Step 2. Assemble the door

playhouse door assembled

2a. Place the door members A, B, C, and D, together without nailing to measure the required sizes of the acrylic sheet and the plywood panel. Make them both 20mm (3/4″) bigger than the opening so as to fit into the grooves.

2b. Unassemble the door members and then re-assemble with the acrylic sheet and the plywood panel in place.

Fix by nailing as shown in the illustration and also nail metal straps to the top and the bottom of the door for added strength.

Step 3. Add the decorative grille

playhouse decorative grille

Cut and glue strips of 10mm x 10mm (3/8″x 3/8″) wood to the acrylic sheet (plastic glass) making a grid.

This is solely decorative and the size of the wood can vary depending on personal preference.

Use an exterior type glue that will adhere to both wood and plastic.

Making the playhouse door frame

The door frame is all of the members that surround the door. The frame consist of head and side jambs. Some door frames also include the sill or threshold but that is not the case for this project.

The lumber
For the door frame you will need 3100mm (124″) of 150×50 (2×6) dressed/surfaced lumber.
NOTE: The actual size of the lumber when dressed finishes smaller than the nominal size stated above so make any necessary allowances.

Dimensions and some important measurements

playhouse door frame parts

Actual lumber sizes vary from place to place so use all dimensions as a guide only.

The important measurements are….
1.) The overall height and width of the door frame should be 10mm (3/8″) less than the overall height and width of the rough opening in the wall, to allow for some play.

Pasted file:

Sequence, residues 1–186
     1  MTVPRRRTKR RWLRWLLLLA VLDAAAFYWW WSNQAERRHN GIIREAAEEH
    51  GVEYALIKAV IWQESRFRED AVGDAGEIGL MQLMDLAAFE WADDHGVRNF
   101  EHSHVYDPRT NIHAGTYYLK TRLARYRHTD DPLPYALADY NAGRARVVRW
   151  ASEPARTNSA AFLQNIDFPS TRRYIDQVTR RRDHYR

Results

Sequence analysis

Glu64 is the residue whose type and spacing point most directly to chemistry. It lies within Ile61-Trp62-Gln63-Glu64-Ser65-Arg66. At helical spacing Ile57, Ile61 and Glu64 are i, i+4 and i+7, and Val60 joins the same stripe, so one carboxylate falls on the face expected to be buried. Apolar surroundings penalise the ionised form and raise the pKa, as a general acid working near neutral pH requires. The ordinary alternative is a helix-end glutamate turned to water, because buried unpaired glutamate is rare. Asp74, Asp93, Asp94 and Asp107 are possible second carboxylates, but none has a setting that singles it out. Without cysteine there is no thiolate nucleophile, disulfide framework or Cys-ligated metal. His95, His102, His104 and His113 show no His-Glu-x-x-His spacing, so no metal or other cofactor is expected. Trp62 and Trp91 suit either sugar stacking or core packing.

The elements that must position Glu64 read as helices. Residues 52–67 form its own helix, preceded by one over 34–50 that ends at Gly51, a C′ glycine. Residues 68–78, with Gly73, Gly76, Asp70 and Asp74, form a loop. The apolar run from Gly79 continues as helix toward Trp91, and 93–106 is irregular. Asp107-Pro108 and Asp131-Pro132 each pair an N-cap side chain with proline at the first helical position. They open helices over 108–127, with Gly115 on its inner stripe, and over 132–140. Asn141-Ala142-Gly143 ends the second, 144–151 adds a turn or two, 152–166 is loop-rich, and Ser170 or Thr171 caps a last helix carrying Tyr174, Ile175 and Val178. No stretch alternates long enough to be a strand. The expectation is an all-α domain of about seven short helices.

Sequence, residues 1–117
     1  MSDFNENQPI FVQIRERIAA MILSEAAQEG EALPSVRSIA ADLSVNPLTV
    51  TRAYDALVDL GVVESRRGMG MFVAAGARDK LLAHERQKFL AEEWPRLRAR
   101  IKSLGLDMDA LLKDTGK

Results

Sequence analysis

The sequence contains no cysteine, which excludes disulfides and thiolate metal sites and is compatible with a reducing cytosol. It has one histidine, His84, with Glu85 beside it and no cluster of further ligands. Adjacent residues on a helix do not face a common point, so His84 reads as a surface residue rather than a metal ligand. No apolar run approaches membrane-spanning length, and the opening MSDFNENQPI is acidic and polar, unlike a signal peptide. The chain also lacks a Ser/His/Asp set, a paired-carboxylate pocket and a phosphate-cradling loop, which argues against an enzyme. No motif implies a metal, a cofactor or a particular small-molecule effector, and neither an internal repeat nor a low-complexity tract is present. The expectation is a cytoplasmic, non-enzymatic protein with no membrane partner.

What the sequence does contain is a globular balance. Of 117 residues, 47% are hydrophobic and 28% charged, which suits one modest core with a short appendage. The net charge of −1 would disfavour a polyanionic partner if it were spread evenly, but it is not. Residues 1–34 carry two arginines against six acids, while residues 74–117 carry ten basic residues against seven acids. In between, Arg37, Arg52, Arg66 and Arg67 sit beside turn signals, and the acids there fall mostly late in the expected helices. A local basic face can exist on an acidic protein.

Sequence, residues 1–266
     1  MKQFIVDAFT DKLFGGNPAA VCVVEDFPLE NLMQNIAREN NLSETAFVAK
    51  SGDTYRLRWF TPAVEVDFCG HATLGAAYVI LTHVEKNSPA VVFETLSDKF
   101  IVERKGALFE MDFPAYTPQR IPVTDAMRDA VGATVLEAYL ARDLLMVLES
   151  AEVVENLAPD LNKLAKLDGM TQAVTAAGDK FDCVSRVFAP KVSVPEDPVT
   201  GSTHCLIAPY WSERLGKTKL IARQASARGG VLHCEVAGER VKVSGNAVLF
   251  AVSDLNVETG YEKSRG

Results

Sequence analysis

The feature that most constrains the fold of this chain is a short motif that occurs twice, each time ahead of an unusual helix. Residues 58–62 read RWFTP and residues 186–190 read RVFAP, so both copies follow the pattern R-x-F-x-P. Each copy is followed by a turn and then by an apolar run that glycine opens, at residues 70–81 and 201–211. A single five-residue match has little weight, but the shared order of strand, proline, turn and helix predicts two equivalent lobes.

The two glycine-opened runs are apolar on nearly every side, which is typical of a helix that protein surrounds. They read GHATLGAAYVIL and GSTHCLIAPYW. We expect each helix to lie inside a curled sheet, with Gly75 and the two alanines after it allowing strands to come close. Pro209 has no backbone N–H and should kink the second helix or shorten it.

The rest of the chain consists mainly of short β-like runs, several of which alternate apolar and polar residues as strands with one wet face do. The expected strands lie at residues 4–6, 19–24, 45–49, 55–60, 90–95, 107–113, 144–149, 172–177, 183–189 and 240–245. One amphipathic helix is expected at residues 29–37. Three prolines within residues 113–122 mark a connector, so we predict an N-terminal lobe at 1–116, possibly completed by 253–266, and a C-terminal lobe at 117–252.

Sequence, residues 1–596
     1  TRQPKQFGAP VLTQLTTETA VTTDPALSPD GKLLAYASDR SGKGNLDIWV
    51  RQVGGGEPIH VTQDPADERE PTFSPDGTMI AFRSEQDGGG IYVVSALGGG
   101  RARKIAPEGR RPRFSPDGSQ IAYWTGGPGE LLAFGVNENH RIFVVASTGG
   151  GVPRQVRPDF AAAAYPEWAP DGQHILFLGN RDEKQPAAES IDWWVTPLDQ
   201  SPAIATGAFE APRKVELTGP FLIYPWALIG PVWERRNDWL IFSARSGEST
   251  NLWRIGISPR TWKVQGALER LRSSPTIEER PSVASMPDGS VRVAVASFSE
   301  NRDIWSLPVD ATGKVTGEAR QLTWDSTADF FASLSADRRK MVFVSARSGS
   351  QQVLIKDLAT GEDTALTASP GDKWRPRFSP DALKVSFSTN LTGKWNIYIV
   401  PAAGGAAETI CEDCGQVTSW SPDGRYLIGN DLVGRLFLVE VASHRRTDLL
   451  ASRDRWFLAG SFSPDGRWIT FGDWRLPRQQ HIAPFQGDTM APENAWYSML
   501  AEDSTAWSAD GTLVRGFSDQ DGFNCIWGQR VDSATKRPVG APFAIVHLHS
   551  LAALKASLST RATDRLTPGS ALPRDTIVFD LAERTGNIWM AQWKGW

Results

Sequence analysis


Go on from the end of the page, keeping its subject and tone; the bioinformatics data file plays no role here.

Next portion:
2.) Allow enough gap between the door and frame to ensure ease of opening. In this case at least 5mm (3/16″) clearance all the way around the door.

How wide should the door frame be?
Usually the width of a door frame should be the same as the thickness of the wall, including the interior lining and the exterior siding. This is so the frame will be flush with both the inside and outside of the wall allowing for trims and moldings to fit neatly around both the inside and outside of the door frame. However in this case, the frame is wider than the wall which means it will project into the building an inch or so, reflecting our personal preference regarding the finished look.

Step 1. Rebate the frame

playhouse door-frame rebated

Cut a rebate in a piece of lumber 150×50 x 3100 long (2×6 x 124″ long). This is best done with a bench saw by making two cuts along the length of the lumber as follows: make one cut 50mm (2″) deep along the edge and one cut 20mm (3/4″) deep along the face.

Step 2. Cut the frame members
Cut the 3 frame members to length. The frame members comprise of a head piece and two side jamb pieces. Cut the head 640mm (25 5/8″) long with a 45° angle cut at each end.
Cut the two side jambs 1200mm (48″) long with a 45° angle cut at the top ends and a standard square cut at the bottom ends.

Step 3. Glue and fix
Glue and nail the frame members together.
Nail a temporary spacer to the bottom of the door frame to keep the side jambs parallel.

Installing the playhouse door

Instructions are below the images

playhouse door and frame playhouse door ready for installation playhouse door installed

Step 1. Assemble
Lay the door frame on a flat surface and then sit the door into the door frame rebate.
Make sure that the gap between the door and door frame is even all the way around.
Screw two hinges to the door and the door frame: one at the top and one at the bottom.
Use either butt hinges or T-hinges.

With the door still laying on a flat surface fix 75mm x 25mm (1×3) trim to the perimeter of the door frame.

Step 2. Install